/assets/images/headerlogos/BOUNTY-logo.svg
Expert Advice

The miracle app to stop babies crying

Would you try this gadget for a better night's sleep?

It reduces crying by 50%.
Ask any new parent their biggest challenge and they'll tell you through heavy eyelids and a few yawns that it's sleep deprivation.
Without a doubt sleep becomes a precious luxury that new parents wish they had appreciated far more while a full, uninterrupted night's sleep was still on the cards.
But a British brother and sister are on track to help exhausted parents stop their babies crying and improve everyone's sleep.
They have developed an app and clever gadget called Quiet Night. Children pull the gaget to make music play and keep them entertained. The app component of the toy learns the type of music that the baby likes, which in turn stops them from crying.
And the design has the added bonus of helping babies' brain development says app developers Ben and Hermoine Way.
"By learning what a baby likes and giving them control, they get more engaged, learn faster," Ben told the Daily Mail.
But better yet, Ben explained that for babies who used his app, their crying stops, "It reduces crying by 50% - they interact with this instead of calling parents," he said.
With a specially designed 'smart' handle, babies as young as four months can pull the handle to make music play when they are in their cot.
The Quiet Night base station.
How Quiet Night works:
  • Child pulls on the handle.
  • A song from the gadget's library of child-friendly melodies is played.
  • The longer the child pulls the handle the more they like that piece of music.
  • The device learns which music the child likes and automatically changes the music as the baby's brain grows.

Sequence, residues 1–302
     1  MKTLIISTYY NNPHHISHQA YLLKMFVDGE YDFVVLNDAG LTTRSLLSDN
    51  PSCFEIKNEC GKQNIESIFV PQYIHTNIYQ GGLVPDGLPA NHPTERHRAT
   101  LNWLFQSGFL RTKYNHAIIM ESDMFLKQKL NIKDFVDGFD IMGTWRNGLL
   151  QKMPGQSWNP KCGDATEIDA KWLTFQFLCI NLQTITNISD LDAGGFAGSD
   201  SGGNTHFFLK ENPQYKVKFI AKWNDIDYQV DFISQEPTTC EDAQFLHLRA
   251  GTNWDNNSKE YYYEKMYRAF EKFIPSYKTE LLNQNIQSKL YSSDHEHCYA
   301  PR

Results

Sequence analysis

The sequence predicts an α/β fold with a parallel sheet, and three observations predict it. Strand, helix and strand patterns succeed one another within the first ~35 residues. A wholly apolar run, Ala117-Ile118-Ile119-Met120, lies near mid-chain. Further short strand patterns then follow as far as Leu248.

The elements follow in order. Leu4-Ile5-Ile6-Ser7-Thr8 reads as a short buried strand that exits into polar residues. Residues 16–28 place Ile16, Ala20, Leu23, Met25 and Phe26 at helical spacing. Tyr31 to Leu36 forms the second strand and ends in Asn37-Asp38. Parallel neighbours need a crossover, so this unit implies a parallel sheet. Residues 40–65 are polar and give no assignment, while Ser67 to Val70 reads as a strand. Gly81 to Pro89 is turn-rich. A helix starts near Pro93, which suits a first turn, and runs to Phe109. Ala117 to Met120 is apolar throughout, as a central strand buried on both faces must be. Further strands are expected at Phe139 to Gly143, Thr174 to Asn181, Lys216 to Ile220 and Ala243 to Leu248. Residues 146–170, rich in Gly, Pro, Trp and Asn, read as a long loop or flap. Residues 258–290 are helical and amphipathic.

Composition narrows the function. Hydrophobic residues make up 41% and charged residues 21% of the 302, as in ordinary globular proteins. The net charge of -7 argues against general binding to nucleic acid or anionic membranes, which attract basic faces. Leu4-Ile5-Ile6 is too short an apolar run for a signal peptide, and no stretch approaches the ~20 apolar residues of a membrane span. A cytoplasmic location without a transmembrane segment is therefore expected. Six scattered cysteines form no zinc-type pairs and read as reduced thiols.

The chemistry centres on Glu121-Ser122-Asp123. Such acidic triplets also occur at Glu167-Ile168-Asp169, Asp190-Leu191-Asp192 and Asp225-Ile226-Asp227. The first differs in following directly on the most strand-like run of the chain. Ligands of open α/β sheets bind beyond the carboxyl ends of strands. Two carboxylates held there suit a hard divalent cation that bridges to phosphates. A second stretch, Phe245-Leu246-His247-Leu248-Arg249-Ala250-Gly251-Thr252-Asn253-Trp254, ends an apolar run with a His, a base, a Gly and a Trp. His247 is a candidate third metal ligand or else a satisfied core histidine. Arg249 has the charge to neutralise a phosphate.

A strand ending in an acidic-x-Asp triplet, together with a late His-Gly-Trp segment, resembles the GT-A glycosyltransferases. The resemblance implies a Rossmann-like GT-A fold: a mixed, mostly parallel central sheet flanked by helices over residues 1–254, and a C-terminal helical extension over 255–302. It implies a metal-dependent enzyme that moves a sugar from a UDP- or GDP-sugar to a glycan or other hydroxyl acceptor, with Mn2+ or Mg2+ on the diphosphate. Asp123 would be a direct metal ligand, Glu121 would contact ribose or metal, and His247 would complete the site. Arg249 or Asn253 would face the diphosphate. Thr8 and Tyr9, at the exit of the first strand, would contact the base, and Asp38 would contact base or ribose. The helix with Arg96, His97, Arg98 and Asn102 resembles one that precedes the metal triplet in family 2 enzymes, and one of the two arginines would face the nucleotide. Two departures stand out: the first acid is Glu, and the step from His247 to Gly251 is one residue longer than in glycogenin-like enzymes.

• Because the child is engaged and learning, they cry less, allowing parents more sleep
The concept was introduced by Bristol University professor, Tom Troscianko, who spent two decades researching how music could be used to help children develop their brain faster.
"What Tom found was the longer baby pulled for, the more they liked the music," said Ben.
Professor Troscianko has since passed away but the British siblings have continued with the app's development.
The gadget was listed on crowdfounding platform, Indiegogo and has already reached $30,000 of its $100,000 target and is expected to go on sale in October this year.
The device comes preloaded with 125 songs, but parents can download more.
For parents still needing some convincing of just how effective this smart gadget may be when it comes to getting those extra zzz's each night, Ben says sleep is in sight.
"The late and great professor Tom found that on average a night with Quiet Night will reduce typical crying by 30% in most babies and up to 50%. In some, he calculated that on average that was an extra hour of sleep for the parents."

read more from

/assets/images/headerlogos/BOUNTY-logo.svg